Sunoco is proposing a new plan for the segment of the Dragonpipe (Mariner East pipeline system) that runs by Lisa Drive, in Exton, where there have been ongoing sinkhole problems. The 16-inch pipe is already in the ground there, and this is the plan that Sunoco has submitted to the Department of Environmental Protection for the companion 20-inch pipe.
This blog post will describe the issues that concern me most about Sunoco’s plan, and at the end are instructions for submitting comments. You can read the plan in its entirety here.
Is this use of “direct bore” technology safe? Sunoco plans to place the pipe using “direct bore” technology (also known as “micro-tunneling”) for a stretch of 816 feet (the balance being open trench). The direct bore segment runs under the Route 30 bypass, a pair of wetlands, and the Amtrak line.
Direct bore is a horizontal tunneling method. It differs from horizontal direction drilling (HDD), used previously at this location, in that there is no pilot hole. (With HDD, a small pilot hole is drilled first, and then it is enlarged to the desired size.) The direct-bore tunnel is drilled at its finished size right from the start, and a casing (a large support pipe) is pushed in right behind the drill as it advances. After completion of the drill, the pipeline that will actually be used (the 20-inch ME2 pipe in this case) is pulled through the casing.
The direct bore approach is safer than HDD in the sense that it protects the surrounding ground from collapsing into the borehole. Fair enough.
But it is far riskier because it uses no pilot hole. The very large drill is not really steerable, and it can drift or be deflected by local variations in rock hardness. The drill will be really massive: the proposed casing is a 42-inch pipe. The drill will have to be larger still—around four feet in diameter.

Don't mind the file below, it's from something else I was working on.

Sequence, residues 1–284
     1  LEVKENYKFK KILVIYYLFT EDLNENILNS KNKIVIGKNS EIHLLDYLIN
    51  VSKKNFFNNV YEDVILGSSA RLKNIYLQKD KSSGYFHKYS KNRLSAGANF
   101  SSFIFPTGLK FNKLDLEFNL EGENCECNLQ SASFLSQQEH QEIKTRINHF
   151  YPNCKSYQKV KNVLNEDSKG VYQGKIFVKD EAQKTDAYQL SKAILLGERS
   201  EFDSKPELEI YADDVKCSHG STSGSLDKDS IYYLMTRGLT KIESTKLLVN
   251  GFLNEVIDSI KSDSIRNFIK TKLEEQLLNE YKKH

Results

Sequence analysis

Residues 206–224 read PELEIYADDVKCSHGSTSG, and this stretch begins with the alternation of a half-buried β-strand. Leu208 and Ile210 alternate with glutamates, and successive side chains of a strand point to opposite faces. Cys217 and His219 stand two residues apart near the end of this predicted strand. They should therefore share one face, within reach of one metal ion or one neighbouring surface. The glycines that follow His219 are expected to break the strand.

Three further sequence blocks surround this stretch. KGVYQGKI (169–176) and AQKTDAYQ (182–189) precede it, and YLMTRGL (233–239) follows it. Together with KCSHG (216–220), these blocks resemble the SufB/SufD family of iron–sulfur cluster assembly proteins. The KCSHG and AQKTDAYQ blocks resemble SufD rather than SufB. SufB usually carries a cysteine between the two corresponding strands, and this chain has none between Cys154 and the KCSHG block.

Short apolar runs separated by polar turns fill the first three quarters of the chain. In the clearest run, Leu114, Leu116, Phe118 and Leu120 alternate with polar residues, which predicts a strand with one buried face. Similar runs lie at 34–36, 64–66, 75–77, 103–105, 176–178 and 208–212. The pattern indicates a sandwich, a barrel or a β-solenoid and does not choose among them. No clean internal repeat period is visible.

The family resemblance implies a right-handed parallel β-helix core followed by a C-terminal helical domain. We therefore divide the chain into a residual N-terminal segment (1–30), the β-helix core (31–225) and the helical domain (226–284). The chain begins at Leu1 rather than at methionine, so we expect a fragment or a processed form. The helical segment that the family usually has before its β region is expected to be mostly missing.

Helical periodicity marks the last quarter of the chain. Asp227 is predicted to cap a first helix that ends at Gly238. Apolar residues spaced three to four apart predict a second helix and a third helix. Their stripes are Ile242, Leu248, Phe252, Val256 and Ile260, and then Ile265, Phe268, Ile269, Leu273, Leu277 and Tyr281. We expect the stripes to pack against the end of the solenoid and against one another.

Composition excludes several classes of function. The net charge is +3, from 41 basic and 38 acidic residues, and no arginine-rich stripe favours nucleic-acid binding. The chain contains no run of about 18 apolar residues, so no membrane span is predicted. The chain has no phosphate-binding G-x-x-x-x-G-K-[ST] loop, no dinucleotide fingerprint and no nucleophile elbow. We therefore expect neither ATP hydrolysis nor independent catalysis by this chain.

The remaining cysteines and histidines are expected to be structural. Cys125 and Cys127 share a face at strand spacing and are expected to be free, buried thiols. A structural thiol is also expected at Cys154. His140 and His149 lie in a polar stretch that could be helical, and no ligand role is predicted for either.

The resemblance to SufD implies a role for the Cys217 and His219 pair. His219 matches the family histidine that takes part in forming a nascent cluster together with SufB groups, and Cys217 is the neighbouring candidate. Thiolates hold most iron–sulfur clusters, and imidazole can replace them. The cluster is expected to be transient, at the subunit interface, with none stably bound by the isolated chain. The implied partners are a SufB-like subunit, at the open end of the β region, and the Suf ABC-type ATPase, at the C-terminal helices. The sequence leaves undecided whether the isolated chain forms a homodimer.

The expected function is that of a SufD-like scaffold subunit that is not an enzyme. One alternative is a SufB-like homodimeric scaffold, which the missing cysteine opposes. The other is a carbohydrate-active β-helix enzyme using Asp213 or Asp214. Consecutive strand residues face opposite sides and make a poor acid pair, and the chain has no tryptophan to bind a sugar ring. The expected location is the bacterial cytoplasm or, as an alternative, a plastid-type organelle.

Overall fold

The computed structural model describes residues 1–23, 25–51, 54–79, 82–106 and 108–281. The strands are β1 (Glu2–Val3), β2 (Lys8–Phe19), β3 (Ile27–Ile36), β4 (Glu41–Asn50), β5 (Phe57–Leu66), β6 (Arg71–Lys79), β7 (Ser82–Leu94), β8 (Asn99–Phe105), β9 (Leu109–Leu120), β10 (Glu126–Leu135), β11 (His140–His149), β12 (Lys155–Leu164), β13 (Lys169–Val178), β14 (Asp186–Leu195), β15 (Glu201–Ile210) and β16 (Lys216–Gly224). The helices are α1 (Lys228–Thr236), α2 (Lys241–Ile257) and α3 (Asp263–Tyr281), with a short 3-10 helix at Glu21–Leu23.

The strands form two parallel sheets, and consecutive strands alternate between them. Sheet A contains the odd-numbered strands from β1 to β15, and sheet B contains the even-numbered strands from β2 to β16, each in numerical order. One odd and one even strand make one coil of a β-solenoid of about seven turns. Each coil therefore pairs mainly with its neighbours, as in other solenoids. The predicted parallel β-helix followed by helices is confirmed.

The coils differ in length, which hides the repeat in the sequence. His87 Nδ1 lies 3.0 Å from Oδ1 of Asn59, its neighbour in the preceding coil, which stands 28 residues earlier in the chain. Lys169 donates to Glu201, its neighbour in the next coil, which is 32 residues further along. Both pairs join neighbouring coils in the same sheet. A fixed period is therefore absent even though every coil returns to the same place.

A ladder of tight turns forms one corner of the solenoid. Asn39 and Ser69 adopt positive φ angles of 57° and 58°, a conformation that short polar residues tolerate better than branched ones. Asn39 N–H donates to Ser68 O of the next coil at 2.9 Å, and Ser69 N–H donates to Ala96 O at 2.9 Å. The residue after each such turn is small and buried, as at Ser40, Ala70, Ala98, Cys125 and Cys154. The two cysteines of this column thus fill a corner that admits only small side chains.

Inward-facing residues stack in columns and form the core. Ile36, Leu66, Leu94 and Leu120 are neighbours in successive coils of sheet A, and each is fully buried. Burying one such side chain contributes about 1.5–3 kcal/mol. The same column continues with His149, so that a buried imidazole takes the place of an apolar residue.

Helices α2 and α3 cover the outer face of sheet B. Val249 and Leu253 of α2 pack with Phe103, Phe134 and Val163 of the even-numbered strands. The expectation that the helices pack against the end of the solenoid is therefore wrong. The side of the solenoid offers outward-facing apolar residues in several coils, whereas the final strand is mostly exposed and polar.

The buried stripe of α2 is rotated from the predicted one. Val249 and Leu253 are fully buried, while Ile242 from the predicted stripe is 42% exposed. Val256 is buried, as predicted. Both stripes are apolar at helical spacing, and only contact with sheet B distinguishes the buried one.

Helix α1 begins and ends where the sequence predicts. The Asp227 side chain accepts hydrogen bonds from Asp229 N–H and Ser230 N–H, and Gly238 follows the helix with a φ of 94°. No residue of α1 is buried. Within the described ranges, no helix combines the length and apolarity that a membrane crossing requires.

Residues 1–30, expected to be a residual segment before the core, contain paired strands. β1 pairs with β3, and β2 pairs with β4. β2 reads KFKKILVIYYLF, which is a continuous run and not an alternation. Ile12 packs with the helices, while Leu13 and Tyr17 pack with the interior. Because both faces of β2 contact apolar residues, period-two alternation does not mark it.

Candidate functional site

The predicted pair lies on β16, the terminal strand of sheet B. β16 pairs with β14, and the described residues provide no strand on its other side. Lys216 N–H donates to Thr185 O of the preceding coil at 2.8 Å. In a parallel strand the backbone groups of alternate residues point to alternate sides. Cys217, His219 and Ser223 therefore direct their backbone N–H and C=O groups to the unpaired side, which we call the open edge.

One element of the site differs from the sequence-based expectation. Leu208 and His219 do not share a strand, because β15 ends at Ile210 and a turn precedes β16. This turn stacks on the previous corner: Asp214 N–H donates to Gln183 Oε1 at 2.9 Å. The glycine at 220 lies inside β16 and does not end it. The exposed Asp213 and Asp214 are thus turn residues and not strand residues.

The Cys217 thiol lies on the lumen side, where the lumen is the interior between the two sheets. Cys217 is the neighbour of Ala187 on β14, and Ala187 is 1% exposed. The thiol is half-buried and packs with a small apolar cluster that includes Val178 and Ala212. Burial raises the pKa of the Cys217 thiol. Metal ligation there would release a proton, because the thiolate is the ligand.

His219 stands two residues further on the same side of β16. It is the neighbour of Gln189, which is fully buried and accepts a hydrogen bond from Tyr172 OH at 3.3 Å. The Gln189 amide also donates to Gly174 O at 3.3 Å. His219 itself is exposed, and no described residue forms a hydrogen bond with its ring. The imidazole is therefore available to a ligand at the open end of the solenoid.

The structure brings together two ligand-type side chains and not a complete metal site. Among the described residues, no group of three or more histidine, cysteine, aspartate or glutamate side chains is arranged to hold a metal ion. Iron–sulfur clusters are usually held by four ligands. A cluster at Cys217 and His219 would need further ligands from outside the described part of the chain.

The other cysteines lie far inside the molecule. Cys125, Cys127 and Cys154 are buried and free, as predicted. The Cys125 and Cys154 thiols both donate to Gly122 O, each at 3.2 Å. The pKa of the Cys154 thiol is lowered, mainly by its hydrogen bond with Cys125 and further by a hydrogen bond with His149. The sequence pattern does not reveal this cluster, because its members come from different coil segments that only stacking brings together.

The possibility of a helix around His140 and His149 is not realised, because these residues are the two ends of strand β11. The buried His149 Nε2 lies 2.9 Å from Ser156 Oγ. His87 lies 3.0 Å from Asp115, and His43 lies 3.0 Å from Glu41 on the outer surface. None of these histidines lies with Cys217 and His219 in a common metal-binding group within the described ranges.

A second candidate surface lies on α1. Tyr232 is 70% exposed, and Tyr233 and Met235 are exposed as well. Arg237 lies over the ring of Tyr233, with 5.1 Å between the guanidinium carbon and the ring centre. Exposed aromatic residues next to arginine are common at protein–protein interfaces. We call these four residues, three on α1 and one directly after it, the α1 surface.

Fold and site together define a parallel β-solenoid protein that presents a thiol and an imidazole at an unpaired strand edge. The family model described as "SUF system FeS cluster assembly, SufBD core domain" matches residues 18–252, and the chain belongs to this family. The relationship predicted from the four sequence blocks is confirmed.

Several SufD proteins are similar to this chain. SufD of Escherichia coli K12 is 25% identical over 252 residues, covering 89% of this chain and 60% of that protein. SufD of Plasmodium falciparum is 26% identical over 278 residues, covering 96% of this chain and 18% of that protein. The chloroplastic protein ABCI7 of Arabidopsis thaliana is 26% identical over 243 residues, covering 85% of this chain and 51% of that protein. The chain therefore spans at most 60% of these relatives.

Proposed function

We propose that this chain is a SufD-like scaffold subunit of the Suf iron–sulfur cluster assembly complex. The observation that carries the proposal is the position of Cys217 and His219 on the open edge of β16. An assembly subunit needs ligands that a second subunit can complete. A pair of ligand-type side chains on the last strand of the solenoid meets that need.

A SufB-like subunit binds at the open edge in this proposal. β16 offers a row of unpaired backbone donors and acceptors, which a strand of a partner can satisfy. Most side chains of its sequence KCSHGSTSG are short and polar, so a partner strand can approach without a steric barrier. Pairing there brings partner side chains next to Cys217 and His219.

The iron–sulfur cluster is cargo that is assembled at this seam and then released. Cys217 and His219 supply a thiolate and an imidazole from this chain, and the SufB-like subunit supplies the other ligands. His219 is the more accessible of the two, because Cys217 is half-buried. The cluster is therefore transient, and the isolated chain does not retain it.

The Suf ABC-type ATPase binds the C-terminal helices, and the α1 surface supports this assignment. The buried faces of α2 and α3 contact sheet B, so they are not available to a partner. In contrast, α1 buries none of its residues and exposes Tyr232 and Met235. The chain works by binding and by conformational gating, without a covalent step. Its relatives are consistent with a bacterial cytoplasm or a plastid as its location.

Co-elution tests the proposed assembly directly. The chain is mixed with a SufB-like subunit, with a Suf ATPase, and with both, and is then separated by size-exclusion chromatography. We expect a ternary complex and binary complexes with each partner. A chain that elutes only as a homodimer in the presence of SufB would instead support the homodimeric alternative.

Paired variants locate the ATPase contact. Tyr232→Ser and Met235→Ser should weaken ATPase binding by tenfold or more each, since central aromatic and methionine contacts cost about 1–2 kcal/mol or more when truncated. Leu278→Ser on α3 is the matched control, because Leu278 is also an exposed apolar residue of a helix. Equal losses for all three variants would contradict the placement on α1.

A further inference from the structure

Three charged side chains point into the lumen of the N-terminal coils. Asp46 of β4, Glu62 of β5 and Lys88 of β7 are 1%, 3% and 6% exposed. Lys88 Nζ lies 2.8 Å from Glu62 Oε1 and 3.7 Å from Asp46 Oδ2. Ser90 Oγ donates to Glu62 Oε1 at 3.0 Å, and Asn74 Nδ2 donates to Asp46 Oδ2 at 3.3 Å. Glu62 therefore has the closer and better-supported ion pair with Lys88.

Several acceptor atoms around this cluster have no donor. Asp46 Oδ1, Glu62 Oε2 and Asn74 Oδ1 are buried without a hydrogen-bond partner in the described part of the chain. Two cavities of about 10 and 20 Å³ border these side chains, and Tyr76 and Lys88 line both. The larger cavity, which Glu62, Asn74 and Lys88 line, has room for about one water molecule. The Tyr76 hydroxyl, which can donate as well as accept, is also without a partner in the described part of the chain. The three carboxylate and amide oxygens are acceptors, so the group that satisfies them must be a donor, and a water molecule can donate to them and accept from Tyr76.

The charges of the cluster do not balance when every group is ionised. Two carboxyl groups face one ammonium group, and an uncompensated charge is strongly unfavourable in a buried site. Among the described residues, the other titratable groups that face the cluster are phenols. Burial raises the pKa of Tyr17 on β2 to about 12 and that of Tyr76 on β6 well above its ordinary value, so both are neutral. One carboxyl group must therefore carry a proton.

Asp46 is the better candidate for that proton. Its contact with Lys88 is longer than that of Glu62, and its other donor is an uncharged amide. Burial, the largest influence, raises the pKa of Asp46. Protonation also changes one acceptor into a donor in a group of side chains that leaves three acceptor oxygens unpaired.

For at least part of this segment, the drill will be in close proximity to two active NGL lines: the original 8-inch ME1 and the 12-inch “bypass” line. How will those lines be protected from the drill? Does Sunoco even know their exact location underground? (After all, both of them were buried in the 1930s by companies long since out of business.)
Those lines show up on the plans in Sunoco’s document, but they are never mentioned. Each crosses the planned route of the 20-inch line at least once. Isn’t this an invitation for disaster?
The 16-inch pipeline also runs along the same route as ME1, but it is much deeper, having been installed using HDD, so its route does not conflict.
When you comment, tell the DEP that the direct-bore approach is too big a risk to the other pipelines in this easement.
Why wasn’t the most obvious alternative route even considered? Sunoco was required to consider alternative routes in this plan. It does not really do so, but simply refers back to its original pre-construction application, which claims there is no “practicable” alternative. It does mention the right-of-way of the nearby “Texas Eastern” pipeline (which hasn’t actually been owned by that company for many years) and dismisses it, saying it “presents no advantages”.